The Easter Sunday Parade in New York City was typically a tame event, yet the 1929 parade saw a drastic change as women boldly marched down the avenues of New York City with cigarettes in hand. Advertised as “torches of freedom”, cigarettes became one of the first status symbols which transcended gender roles and became a universal symbol of modernity in America.
Marred by decades of public health scandals and a television advertisement ban, cigarette culture has since become widely fragmented and deglamorized.
Before cigarettes were revealed to be carcinogenic and the Surgeon General’s warning was stamped on every carton, everyone in the America media from Fred Flintstone to Ronald Reagan could be seen coolly exhaling cigarette smoke wherever they went.
In 2012 researches from the Harvard School of Public Health surveyed approximately 14,000 students from 119 American colleges, and found that 23 percent claimed they had smoked in the past year, while 9 percent claimed they were current cigarette smokers.
This trend is easy to see at Georgia State as the recent smoking ban has had little to no effect on the number of cigarette butts lining the plant beds and trash cans in the Courtyard.
Why have cigarettes retained their appeal despite the tarnishing of their public image?
“When I started smoking in high school it was the cool thing to do, but now for me it’s more of the habit, I’m not doing it because it’s cool,” junior and geology major Jay Kirkland said.
Cigarette smoking has remained steady among Georgia State students, but the glamour has been replaced by a need for stress relief and an outlet for socializing.
“I think smoking is more of a stress thing. People who have been smoking for awhile will come out here and smoke cigarettes to collect their thoughts and get things organized for the next test they have to do. That’s what I use it for anyways,” Kirkland said.
Despite the scientific consensus that cigarettes increase long-term stress, many students use the instant gratification of a quick cigarette break to ease the anxiety of schoolwork.
“It is definitely a stress release, something to keep our mind off books and studying, a way to take a break,” said junior and business finance major William Perez.
Many college students also self-identify as social smokers, who use cigarette smoking as a way to easily make friends with people who they would not have met otherwise.
“I’m mostly a social smoker because there’s nothing else to do, when you’re on our break there’s nothing you can really do but come out here in the courtyard and smoke. It’s an easy conversation starter,” said junior and risk management major John Dapice.
Yet the identity of a social smoker can be problematic as it pacifies social smokers into believing that they lead healthier lifestyles than daily smokers.
A 2007 study published in Nicotine & Tobacco Research found that college students who identified as social smokers smoked nearly as frequently as those who claimed to smoke daily. Social smokers also were less likely to believe that smoking was addictive and they preferred to smoke while drinking alcohol.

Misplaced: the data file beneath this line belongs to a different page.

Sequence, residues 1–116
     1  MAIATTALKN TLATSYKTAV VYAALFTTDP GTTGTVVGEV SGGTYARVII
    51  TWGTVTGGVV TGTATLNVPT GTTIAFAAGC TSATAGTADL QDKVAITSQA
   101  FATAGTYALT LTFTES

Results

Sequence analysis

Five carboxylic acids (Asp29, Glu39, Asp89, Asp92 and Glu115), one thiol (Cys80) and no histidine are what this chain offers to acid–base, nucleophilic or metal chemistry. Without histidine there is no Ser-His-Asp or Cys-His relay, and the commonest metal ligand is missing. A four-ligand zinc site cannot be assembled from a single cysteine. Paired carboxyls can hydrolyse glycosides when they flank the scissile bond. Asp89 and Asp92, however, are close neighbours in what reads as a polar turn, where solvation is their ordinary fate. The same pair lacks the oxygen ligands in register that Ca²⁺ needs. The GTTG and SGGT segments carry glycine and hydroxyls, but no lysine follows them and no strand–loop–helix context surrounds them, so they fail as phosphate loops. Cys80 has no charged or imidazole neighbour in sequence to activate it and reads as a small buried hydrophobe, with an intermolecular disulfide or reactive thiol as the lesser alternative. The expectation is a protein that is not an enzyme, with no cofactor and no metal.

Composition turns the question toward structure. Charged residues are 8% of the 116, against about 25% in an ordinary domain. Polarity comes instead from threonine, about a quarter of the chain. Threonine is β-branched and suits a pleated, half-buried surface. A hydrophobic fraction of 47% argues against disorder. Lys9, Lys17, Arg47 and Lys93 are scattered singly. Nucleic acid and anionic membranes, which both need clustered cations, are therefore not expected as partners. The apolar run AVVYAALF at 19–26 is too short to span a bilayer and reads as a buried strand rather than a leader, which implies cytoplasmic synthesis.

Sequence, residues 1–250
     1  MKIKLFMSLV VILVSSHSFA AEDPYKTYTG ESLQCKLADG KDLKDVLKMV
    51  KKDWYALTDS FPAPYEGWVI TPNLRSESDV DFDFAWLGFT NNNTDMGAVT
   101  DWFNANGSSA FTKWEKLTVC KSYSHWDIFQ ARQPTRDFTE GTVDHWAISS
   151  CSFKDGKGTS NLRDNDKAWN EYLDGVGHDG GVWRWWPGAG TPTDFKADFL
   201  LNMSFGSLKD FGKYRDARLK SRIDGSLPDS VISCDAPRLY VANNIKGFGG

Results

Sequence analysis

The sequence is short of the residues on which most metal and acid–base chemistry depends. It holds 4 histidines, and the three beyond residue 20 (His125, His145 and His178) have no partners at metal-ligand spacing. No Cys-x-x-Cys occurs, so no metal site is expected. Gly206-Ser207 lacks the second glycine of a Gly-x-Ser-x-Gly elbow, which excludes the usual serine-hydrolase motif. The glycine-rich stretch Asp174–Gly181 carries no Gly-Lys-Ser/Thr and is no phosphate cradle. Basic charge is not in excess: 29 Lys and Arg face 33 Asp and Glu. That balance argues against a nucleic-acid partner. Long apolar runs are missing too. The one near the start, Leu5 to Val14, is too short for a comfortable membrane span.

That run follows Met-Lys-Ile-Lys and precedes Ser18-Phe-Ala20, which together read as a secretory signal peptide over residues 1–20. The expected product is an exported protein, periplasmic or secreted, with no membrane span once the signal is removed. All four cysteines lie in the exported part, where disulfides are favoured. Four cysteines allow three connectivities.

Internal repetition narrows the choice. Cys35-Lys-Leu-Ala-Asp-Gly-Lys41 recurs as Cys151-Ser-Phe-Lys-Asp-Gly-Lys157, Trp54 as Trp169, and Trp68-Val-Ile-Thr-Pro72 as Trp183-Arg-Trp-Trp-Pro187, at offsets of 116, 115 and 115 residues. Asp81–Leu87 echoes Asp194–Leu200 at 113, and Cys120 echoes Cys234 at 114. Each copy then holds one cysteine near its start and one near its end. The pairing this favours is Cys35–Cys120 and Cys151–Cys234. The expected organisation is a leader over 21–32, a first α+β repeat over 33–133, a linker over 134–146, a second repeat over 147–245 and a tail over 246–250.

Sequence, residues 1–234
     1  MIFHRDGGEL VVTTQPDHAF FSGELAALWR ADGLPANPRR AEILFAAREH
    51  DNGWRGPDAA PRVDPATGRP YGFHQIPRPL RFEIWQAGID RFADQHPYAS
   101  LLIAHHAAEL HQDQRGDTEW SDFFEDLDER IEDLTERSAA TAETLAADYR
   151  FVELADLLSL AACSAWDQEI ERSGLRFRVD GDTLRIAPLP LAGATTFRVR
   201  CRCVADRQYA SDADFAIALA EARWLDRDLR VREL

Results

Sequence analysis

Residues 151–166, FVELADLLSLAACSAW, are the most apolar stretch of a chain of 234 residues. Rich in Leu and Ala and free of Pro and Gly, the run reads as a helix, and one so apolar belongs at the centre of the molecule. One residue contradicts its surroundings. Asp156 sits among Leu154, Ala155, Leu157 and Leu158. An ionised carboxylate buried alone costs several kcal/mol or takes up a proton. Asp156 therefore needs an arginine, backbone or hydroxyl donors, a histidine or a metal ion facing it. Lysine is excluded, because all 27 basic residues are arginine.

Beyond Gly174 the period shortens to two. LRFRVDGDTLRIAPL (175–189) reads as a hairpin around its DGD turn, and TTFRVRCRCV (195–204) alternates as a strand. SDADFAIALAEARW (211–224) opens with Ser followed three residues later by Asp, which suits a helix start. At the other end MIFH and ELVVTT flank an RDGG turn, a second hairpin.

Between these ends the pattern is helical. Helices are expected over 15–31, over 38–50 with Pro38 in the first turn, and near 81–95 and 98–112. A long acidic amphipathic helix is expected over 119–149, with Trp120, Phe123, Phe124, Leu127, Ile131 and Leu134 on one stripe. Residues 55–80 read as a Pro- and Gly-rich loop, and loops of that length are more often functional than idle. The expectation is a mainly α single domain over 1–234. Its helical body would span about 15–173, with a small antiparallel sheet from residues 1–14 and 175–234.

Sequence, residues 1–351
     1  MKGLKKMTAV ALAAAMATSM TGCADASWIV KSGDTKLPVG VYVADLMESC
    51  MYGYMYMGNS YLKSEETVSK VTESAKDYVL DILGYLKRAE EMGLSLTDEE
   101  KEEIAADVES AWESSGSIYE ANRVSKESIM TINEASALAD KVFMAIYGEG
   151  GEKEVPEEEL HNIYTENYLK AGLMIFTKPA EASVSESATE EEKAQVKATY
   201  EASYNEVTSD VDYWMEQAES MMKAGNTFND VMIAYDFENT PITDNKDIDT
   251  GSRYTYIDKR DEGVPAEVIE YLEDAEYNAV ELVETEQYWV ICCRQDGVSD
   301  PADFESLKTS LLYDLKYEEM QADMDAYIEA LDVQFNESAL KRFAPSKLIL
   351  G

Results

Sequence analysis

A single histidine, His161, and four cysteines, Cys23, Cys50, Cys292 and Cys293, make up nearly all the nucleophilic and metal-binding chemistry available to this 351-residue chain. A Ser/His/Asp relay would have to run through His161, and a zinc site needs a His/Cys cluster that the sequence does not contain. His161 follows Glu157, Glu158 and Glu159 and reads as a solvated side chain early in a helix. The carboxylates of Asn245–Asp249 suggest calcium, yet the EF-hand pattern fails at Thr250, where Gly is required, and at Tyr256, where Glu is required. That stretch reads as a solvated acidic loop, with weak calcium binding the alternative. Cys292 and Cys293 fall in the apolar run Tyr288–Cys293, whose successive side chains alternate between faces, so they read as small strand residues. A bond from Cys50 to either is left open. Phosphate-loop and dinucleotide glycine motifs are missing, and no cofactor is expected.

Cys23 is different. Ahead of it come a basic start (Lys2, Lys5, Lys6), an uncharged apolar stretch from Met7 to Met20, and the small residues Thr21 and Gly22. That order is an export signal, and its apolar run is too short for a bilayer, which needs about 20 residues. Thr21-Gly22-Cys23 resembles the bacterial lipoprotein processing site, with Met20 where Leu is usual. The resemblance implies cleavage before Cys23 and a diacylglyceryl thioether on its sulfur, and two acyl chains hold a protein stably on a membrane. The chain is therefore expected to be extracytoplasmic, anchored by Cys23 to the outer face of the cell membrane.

The study found that those who denied being smokers commonly identified as being party smokers and still had their smoking habits correlated with other high-risk behaviors.
Social smokers often found college smoking campaigns which used traditional anti-smoking messages to be irrelevant and failed to convince them to quit.
Anti-smoking campaigns need to start targeting social smokers and focus on how infrequent party smoking can still lead to lung cancer and be exacerbated by heavy drinking.
Now that the Marlboro Man has passed away from lung cancer and the sex appeal of cigarettes has given way to photos of black lungs, cigarette culture has lost its once powerful hold on American consumers.
For current college smokers, it seems that the appeal of cigarettes has shifted from a symbol of modern chic to a need for effortless social interaction and a fleeting moment of solace among the stressful shuffle of college life.
1902: The Phillip Morris Company creates the Marlboro brand.
1929: Advertising expert Edward Bernays organizes the “Torches of Freedom” campaign where cigarette smoking women march in New York’s Easter Parade.
1944: Due in part to World War II cigarette production rises to 300 billion a year.
1954: The Marlboro Man is introduced to sell filtered cigarettes to men.
1960: Fred and Wilma Flintstone light up Winston cigarettes during the closing credits of The Flintstones.
1964: The Surgeon General claimed that the tar and nicotine in cigarettes causes lung cancer.
1965: Congress passes the Cigarette Labeling and Advertising Act which mandated that every cigarette pack have a warning stating that “Cigarettes may be hazardous to your health.”
1970: The Public Cigarette Smoking Act bans cigarette advertisements on radio and television.
1975: Brown & Williamson introduce the “light” cigarette, claiming it has lesser amounts of tar and nicotine.
1981: Phillip & Morris begin actively targeting teenagers.
1984: The Comprehensive Smoking Education Act forces cigarette companies to rotate four different Surgeon General warning labels on cigarette packs every three months.
1992: Former Marlboro Man Wayne McLaren dies from lung cancer.
2009: Congress bans cigarette companies from using the terms “light”, “low-tar”, and “mild”.